Symptoms of hormone deficiency in women arises by the beginning of the fifth decade. Extraneously administered hormones may reverse symptoms of depletion and as long as blood levels and possible side effects of the hormones are monitored, their use may help retain youthful function. The principle aim of our service is to help you maintain optimal function until late in life. Assessment of cardiovascular health and the risk of cancer are important equally for women and men (see Healthy Ageing), while lifestyle adjustments and the treatment of hormone deficiency, despite controversy, remain important considerations.
Replacement of oestrogens and progesterone (with synthetic variants, eg progestagens) has been possible since the 1950’s. Main benefits are the reduction of menopausal symptoms such as hot flushes, mood swings and the maintenance of energy, libido and bone density.
Benefits of HRT are considered alongside the risk profile for each individual. For example HRT taken for more than five years increases slightly the risk of breast cancer. If there is a family history of breast cancer this risk will be increased further. It‘s therefor important for each individual to set benefits against risks and to monitor the risk with health checks: mammograms and physical examination.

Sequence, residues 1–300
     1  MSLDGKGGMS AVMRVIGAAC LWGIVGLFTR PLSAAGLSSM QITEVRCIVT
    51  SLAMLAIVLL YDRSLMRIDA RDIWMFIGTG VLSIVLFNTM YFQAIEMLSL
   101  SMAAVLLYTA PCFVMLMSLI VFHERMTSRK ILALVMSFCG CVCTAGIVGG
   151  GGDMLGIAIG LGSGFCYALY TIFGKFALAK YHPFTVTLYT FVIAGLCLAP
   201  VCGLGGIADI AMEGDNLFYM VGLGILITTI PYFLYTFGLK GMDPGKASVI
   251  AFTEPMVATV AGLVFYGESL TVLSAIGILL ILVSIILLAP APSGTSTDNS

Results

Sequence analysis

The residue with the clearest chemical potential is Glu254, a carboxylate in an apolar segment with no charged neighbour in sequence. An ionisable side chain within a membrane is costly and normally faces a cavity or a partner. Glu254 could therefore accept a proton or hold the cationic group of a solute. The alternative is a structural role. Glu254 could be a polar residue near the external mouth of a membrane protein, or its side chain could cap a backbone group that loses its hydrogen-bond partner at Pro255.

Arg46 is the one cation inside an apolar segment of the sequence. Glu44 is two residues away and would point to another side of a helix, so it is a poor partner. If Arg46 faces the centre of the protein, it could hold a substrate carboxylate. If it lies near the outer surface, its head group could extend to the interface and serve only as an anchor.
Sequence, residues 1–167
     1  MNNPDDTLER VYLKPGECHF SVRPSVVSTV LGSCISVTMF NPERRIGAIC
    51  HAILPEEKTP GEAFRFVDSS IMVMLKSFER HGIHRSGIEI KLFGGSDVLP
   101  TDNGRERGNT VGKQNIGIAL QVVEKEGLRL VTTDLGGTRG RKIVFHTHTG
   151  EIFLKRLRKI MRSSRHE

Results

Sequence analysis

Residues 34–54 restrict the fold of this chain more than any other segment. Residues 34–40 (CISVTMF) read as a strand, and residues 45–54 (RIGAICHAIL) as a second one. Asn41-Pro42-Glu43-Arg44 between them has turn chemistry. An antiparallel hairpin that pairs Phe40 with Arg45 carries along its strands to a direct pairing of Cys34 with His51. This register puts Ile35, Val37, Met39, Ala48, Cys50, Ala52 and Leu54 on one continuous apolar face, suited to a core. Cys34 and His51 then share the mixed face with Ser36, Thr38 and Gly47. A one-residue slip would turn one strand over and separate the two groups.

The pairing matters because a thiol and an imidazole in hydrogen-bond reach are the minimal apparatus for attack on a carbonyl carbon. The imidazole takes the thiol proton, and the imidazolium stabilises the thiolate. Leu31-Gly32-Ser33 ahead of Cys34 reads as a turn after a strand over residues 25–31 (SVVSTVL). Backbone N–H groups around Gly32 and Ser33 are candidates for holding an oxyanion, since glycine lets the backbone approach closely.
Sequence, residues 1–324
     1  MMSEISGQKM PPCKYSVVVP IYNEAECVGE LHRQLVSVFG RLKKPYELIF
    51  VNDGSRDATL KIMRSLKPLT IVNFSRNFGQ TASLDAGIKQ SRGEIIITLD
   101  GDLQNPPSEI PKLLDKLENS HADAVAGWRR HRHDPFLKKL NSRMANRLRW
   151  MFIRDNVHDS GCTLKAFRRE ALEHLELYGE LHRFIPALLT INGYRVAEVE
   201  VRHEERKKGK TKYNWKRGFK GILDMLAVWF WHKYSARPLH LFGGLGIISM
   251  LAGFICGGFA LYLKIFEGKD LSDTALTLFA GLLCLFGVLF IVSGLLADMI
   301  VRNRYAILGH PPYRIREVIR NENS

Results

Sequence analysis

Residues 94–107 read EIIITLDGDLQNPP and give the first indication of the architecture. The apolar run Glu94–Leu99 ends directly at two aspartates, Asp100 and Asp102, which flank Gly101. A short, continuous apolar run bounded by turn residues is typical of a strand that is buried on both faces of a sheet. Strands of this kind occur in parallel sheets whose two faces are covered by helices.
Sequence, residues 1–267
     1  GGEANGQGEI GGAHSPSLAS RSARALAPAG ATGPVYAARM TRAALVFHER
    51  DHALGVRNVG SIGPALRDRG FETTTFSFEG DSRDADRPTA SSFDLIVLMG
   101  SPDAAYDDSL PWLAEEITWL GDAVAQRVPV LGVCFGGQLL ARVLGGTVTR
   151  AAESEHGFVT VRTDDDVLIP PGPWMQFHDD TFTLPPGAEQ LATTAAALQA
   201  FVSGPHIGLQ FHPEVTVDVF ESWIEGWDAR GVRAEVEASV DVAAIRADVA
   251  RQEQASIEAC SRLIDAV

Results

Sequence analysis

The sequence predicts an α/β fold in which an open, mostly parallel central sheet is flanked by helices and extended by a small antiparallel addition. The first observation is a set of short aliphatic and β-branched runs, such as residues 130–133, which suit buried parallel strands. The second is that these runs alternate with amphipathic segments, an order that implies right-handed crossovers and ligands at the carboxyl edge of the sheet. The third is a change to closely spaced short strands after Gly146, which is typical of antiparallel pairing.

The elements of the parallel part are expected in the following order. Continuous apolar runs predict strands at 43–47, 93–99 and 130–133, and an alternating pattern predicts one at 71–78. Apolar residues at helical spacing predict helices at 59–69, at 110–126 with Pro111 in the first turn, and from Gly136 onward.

As young adults many of us took health for granted. At this age many hormones are at peak levels. However, by our mid-forties although a decline in hormone levels is not yet significant, lack of exercise, poor nutrition and ‘living in the fast lane’ lead to less certainty of good health. Early signs of future problems may be no more than a loss of resilience after a night out, reduced immunity to infection, weight gain, loss of muscle tone or disturbed sleep.
It is only in our fifties that reducing levels of hormones give rise to symptoms and signs. Tiredness, emotional flatness, loss of libido, aching joints, flushing or sweating attacks, poor skin texture and dryness of skin, hair and brittle nails are some of the many possible indicators of hormone depletion. Reduced levels of hormones can be measured in the blood and can often be corrected with accompanying recovery from the presenting symptoms.
This method of HRT emphasises the benefit of using a variety of hormones, usually in smaller amounts, to orchestrate their overall effect on energy and well being. These may include metabolic precursors of the sex hormones, DHEA and pregnenolone, as well as testosterone, melatonin and thyroid hormones.
Natural HRT properly refers to the use of hormones which are identical in structure to those normally present , hence natural to the body. The term bio-identical is now preferred as the term natural can be confusing - what is significant is the molecular structure of the component steroid, its purity. Whether it is synthesised in the lab or derived from a plant or animal source is immaterial.